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You don't want to wait too long to start considering the top solar stocks to buy.
Granted, that may seem odd considering solar stocks as a group have tumbled for nearly two years now as the rest of the market has soared to all-time highs.
The Guggenheim Solar ETF (NYSE Arca: TAN), which holds most of the top solar stocks, has plunged 65% since peaking in April 2015.
Many individual solar stocks have fared even worse. Canadian Solar Inc. (Nasdaq: CSIQ) dropped 70% over that time span. SunPower Corp. (Nasdaq: SPWR) is down 82%. Vivent Solar Inc. (NYSE: VSLR) has fallen 83%.
But that's history. This year the tide will begin to turn for solar stocks as they prepare to meet demand that will more than double installed capacity from 300 gigawatts at the end of 2016 to 700 gigawatts by 2020...
Why Solar Stocks Will Begin a Long March Higher in 2017
Despite the steep price drop in solar stocks over the past two years, the number of solar power installations has continued to grow. According to SolarPower Europe, solar capacity worldwide grew 49% in 2016.
Solar stocks have gone in the opposite direction because of an unfortunate combination of short-term issues. The drop in fossil fuel gas prices made solar power less competitive. Concerns about the phasing out of government subsidies (exacerbated by the election of Donald Trump) have also weighed on the prices of solar stocks.
Making matters worse were the efforts of some companies, like SunEdison, to take on too much debt in an effort to grow ahead of the market.
But those were growing pains. The truth is, solar stocks got ahead of themselves, as technology stocks often do (see: 3D printing).
In the long run, solar power will prosper and reward investors (especially those who buy at the bottom).
Think about it. Solar is a free and abundant energy source. Past stumbles aside, it's an energy source begging to be exploited for profit.
We're seeing the seeds of that future profitability now, both in strong demand and maturing technology.
A report released last month by the McKinsey Global Institute forecast that the proportion of solar and wind energy in the global energy mix will grow 800% from 4% today to 36% by 2035.
And improvements in solar technology will continue to make it cheaper and more efficient - and eventually cheaper to use than fossil fuels.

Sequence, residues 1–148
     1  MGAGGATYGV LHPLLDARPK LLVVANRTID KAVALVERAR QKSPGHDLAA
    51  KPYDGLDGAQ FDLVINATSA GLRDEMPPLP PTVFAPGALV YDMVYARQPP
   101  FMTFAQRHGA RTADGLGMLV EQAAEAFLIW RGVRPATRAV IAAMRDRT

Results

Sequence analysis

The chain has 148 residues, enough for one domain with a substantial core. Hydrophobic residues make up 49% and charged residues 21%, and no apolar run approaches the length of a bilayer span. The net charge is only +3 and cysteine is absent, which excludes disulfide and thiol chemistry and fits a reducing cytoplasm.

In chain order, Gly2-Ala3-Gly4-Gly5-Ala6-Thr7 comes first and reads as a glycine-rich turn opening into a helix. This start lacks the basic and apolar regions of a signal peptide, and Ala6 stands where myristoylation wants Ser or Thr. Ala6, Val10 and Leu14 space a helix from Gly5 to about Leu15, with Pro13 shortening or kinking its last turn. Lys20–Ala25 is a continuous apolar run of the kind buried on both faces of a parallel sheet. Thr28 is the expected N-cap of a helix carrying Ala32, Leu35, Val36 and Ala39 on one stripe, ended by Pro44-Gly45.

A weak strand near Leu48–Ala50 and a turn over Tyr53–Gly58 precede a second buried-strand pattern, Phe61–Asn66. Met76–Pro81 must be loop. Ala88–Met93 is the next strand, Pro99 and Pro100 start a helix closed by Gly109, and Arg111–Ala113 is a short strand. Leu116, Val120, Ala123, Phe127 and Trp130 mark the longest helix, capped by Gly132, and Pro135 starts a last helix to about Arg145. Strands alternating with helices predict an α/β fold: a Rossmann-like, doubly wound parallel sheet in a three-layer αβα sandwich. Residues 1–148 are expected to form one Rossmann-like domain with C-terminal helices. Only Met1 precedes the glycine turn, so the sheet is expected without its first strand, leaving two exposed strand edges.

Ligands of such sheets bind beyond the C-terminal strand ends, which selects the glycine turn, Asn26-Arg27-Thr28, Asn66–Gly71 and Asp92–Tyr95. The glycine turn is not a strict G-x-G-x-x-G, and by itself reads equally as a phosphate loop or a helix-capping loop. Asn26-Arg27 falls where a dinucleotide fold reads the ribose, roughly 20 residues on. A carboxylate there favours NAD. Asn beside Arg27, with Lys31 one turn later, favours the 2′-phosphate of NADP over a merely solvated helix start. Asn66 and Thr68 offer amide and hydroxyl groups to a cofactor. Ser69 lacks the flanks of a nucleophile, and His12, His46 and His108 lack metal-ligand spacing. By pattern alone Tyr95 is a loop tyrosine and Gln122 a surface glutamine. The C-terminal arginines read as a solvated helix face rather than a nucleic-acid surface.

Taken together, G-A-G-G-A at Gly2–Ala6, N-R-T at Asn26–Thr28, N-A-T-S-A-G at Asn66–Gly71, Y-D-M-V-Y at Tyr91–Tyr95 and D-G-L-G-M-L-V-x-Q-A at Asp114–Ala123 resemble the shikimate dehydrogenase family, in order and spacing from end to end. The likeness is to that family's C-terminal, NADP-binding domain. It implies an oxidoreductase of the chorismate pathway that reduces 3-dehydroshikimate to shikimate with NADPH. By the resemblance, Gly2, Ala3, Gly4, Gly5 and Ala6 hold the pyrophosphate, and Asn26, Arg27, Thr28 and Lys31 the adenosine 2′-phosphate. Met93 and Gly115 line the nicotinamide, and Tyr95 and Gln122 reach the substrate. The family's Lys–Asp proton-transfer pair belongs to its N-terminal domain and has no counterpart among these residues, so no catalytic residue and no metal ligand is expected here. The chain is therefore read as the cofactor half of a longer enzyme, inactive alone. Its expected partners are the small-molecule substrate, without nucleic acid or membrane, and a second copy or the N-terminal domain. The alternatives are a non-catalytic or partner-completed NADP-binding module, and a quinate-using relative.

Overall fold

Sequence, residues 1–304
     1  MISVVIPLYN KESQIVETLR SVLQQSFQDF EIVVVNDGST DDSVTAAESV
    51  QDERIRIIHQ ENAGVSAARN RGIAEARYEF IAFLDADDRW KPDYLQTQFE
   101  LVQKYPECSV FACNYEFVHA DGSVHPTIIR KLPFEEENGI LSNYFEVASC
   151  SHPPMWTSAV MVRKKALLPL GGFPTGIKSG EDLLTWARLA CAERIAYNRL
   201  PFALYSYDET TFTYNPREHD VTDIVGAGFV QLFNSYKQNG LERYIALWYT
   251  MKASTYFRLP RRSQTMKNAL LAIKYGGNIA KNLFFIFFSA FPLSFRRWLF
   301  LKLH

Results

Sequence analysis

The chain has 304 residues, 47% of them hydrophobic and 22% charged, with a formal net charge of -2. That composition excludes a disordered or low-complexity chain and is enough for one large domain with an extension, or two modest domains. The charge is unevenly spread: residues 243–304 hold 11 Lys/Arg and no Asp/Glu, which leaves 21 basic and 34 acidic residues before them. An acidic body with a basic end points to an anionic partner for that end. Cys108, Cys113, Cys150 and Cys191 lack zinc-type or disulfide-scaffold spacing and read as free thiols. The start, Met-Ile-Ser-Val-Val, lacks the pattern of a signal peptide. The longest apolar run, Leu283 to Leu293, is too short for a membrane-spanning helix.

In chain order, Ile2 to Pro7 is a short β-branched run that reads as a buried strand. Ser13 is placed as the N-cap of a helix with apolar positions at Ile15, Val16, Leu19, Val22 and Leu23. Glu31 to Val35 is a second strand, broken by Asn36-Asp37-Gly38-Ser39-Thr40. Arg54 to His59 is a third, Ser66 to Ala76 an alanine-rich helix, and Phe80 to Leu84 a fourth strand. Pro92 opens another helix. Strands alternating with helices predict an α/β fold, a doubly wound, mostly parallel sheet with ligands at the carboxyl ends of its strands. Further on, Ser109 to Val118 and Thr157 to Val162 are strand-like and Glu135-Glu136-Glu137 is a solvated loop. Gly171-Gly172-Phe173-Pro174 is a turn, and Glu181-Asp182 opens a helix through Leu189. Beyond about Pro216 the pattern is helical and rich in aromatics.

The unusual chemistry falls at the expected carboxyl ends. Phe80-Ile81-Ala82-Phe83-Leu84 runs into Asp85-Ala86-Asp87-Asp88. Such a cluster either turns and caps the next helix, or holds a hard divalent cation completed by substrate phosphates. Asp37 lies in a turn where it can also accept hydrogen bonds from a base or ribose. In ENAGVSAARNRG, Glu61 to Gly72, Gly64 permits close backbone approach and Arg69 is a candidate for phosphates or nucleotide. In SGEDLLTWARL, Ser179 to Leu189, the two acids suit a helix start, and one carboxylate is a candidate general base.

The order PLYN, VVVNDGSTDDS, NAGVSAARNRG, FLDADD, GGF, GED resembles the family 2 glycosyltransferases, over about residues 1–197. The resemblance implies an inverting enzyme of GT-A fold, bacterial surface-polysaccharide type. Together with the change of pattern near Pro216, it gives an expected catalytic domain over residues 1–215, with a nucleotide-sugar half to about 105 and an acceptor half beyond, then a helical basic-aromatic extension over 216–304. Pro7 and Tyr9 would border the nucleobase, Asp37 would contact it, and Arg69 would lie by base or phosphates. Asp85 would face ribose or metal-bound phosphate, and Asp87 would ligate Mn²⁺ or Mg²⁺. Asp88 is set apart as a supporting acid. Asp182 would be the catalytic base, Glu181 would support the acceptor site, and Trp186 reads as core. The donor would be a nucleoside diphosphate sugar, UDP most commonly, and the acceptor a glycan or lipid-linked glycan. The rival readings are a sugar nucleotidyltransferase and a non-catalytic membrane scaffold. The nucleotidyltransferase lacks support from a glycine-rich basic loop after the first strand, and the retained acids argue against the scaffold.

According to the McKinsey report, the cost of building a solar power plant has declined 90% over the past six years. While many variables are involved, solar already is a competitive choice in many regions. That has eliminated the need for costly government subsidies in many countries.
The last major technological hurdle holding solar back is the need to store energy when the sun is shining for use when the sun isn't shining. And the good news for solar stocks is that even this problem is close to being solved.
Utilities in several states have already begun to test virtual power plants. These facilities use high-tech batteries and computer software to store energy from the daytime for redistribution to the grid at night.
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Just last month AES Corp. (NYSE: AES) activated a 30-megawatt virtual power plant in Escondido, Calif., in a partnership with San Diego Gas & Electric (a unit of Sempra Energy [NYSE: SRE]).
Like other solar technology, the cost of the batteries continues to fall while capabilities rise.
Meanwhile, concerns over global warming add a political incentive to the economic incentive to transition to solar power.
The world's growing appetite for solar power will revive this sector and send the top solar stocks to buy on a years-long bull run.
These solar stocks should be at the top of your shopping list...
The 3 Top Solar Stocks to Buy Now
About the Author
David Zeiler, Associate Editor for Money Morning at Money Map Press, has been a journalist for more than 35 years, including 18 spent at The Baltimore Sun. He has worked as a writer, editor, and page designer at different times in his career. He's interviewed a number of well-known personalities - ranging from punk rock icon Joey Ramone to Apple Inc. co-founder Steve Wozniak.
Over the course of his journalistic career, Dave has covered many diverse subjects. Since arriving at Money Morning in 2011, he has focused primarily on technology. He's an expert on both Apple and cryptocurrencies. He started writing about Apple for The Sun in the mid-1990s, and had an Apple blog on The Sun's web site from 2007-2009. Dave's been writing about Bitcoin since 2011 - long before most people had even heard of it. He even mined it for a short time.
Dave has a BA in English and Mass Communications from Loyola University Maryland.
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